War and Remembrance (October 21, 1988)

On a rock in front of Etzel House, “the museum of Jaffa's liberation” that commemorates the Irgun, a mortar still points toward the center of Jaffa, a little left of the clock tower, more or less to a place where felafel is sold today. Israel's flag snaps briskly above the cannon, caught in a sea breeze that blows crows and hoopoes helplessly across the sky. Without doubt this is the handsomest memorial in Tel Aviv: an old war-ruined hotel with the missing walls replaced by smooth panes of tinted glass, an inspired superposition of the clean lines of international style on the flourishes of Arab architecture, a new vision upon an old. Hidden in the iceplant around it are small concrete bunkers with numbered floodlights, so that of an evening the monument can be lit for motorists on Hayarkon Street and passing ships at sea. On such nights, old Arab-filled Jaffa must loom in the darkness like the untold side of a story, an enormous weight of history ready to roll down the hillside.

I have always been drawn to war museums, though I can't say precisely why. My uncle, a retired U.S. Air Force colonel, has called me a Communist for my low opinion of most wars, but if he were to look through my scrapboxes he would find far more brochures on old forts and battlefields, citadels and castles than on archaeological digs or Impressionist masters. It may be their unembarrassed portrayal of Courage and Fortitude that lure me in their direction, for these qualities so seldom come pure (if at all) in our humdrum daily lives. Whatever the attraction, for more than a year I had driven past Etzel House and longed to go in, and finally last week I did, right behind a middle-aged Canadian Jewish couple on their first vacation to Israel, decked out in T-shirts and visors they had bought in Jerusalem.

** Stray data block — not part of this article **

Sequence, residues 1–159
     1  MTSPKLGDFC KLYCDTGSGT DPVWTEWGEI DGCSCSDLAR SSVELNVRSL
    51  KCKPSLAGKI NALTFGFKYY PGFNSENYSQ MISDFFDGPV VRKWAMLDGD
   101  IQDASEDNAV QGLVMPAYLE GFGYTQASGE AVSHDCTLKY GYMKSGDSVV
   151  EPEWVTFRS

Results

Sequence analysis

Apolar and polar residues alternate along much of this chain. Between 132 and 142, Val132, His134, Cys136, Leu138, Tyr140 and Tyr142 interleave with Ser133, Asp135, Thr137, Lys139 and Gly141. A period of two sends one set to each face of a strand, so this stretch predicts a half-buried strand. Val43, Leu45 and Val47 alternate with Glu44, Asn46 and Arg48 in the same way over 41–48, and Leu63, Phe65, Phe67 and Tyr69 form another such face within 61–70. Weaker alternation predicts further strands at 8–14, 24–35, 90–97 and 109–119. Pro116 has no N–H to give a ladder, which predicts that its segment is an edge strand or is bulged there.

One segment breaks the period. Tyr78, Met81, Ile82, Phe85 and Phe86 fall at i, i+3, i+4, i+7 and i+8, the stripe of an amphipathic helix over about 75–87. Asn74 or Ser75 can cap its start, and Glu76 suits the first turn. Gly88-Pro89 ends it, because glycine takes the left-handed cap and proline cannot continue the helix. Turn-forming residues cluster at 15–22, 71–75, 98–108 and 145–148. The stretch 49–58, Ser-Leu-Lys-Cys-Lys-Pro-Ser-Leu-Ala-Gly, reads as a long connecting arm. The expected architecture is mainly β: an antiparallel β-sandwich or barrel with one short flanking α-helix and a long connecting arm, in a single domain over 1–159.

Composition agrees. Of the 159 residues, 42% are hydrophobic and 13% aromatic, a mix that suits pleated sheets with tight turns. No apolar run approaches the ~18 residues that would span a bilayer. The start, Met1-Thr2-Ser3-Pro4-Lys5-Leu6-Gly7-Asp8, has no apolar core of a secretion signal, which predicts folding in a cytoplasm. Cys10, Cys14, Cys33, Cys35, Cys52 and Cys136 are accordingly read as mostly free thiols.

None of us spoke enough Hebrew to read the displays, so one of the museum's guides, a gentle-faced young man with a polite, guileless voice, stepped forward to help us. He took us first to a map of Israel divided according to the 1948 plan, a patchwork of Jewish and Arab areas that could have only made sense to Britons with return tickets to London. He had just begun to explain how many Jewish towns lay in Arab areas, when the middle-aged wife asked naively why Jaffa was marked “Arab.” The guide explained gently, “The British wanted it that way,” and, as the idea of arbitrariness in Englishmen seemed to satisfy her sensibility, went on with his talk. As we walked to the next exhibit, sunlight streamed through the windows and bathed us all in its glow.

The guide showed us the stirring words with which young Menahem Begin spurred on his Irgunniks, when in October 1948 the battle for Jaffa was imminent. “Opposite is a cruel enemy which is determined to exterminate us. Behind us are your parents, our brothers and children . . . Do not pity your enemy as he does not pity our people.” Down the hall were the mortars with which his exhortation was carried out. They had pelted Jaffa with 6,000 shells in the four days of the liberation. “They must have fired without a stop,” said the middle-aged husband (a veteran) with a reserved sort of awe. “Yes,” replied the guide, “and all the Arabs ran away.” As we imagined them running, the sound of someone washing dishes filtered out from the back room.